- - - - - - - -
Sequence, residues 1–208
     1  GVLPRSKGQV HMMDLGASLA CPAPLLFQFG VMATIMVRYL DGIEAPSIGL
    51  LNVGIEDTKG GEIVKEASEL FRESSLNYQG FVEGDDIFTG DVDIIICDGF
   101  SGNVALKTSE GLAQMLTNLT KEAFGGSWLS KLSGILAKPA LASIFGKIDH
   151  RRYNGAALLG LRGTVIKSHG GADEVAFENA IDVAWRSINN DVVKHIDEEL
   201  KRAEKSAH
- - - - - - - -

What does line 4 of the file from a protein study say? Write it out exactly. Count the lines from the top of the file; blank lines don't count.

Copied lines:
   101  SGNVALKTSE GLAQMLTNLT KEAFGGSWLS KLSGILAKPA LASIFGKIDH